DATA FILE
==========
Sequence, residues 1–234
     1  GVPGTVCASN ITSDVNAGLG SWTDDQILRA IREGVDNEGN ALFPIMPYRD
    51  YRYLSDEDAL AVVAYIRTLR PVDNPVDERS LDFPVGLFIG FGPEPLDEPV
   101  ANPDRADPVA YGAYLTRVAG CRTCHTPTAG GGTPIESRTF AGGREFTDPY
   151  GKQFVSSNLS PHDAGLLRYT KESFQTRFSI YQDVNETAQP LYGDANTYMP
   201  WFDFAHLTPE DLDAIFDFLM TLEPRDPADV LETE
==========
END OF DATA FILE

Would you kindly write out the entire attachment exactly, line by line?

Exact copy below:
Sequence, residues 1–234
     1  GVPGTVCASN ITSDVNAGLG SWTDDQILRA IREGVDNEGN ALFPIMPYRD
    51  YRYLSDEDAL AVVAYIRTLR PVDNPVDERS LDFPVGLFIG FGPEPLDEPV
   101  ANPDRADPVA YGAYLTRVAG CRTCHTPTAG GGTPIESRTF AGGREFTDPY
   151  GKQFVSSNLS PHDAGLLRYT KESFQTRFSI YQDVNETAQP LYGDANTYMP
   201  WFDFAHLTPE DLDAIFDFLM TLEPRDPADV LETE